Thompson said that, besides being worried about his employees, who he believes have all gotten in touch with Unemployment, he was as worried about his family’s health as much as anyone else. “I’m home with my family right now, just hoping that everyone I care about is safe and healthy and that we hit this peak and get back to work.” There was an outpouring of love and appreciation from Bistro customers on Facebook and other social media outlets when it announced its [temporary] closure last Thursday. The Thompsons are known as much for their breakfast specials as they are for their community altruism, and that did not go unnoticed by the eatery’s fanbase
Mayor Rogers said, “My heart is breaking to see these businesses suffer and have to lay off their employees and close their doors. It’s taken an enormous toll on the village.” But at the same time, he said, “What’s impressive is how serious they’re taking into consideration public health. I really haven’t heard business owners complain about loss of revenue, even though we know they’re suffering. They’re more concerned about how they can protect people.”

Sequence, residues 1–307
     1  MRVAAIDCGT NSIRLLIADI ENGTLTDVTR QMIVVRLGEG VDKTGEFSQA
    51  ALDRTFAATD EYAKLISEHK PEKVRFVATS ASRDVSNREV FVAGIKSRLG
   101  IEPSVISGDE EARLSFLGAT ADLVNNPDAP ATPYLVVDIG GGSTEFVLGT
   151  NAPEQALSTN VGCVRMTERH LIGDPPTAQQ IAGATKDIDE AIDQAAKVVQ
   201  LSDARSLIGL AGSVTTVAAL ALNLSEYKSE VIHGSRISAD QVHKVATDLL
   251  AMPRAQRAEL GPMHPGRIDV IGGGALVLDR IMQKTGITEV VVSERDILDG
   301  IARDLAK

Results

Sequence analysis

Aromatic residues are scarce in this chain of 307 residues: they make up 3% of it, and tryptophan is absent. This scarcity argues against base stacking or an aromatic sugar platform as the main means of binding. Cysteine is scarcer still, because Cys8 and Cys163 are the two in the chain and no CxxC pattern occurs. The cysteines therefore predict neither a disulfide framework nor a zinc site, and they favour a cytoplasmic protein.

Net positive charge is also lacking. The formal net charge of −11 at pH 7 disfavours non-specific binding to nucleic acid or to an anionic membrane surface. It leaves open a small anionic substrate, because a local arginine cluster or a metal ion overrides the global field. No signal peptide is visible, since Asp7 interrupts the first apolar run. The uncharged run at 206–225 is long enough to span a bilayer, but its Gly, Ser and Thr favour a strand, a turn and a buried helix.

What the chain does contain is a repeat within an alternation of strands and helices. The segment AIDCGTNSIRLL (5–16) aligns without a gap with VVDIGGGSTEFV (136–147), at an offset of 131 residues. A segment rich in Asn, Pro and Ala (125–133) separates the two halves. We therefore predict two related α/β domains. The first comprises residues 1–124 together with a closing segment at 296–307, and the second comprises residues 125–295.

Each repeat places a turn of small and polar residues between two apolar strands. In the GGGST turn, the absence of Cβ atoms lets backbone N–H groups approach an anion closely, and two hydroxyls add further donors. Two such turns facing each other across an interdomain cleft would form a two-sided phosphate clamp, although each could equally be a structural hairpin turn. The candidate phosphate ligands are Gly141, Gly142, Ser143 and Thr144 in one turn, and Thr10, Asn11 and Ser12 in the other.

A virtual day in the neighborhood
Mayor Rogers and deputy mayor KT Tobin hosted an online meeting with business owners this past Thursday to discuss the governor’s order, what businesses were “essential” and which ones were not, and to share information and experiences as to how they were faring during these challenging times. They had more than 30 businesses participate and covered a variety of topics. Rogers said he was pleased with how it went, and that they now plan on doing this online meeting every Monday and Thursday. To learn more about these live online conversations and how to become a part of them, e-mail Tobin at email@example.com.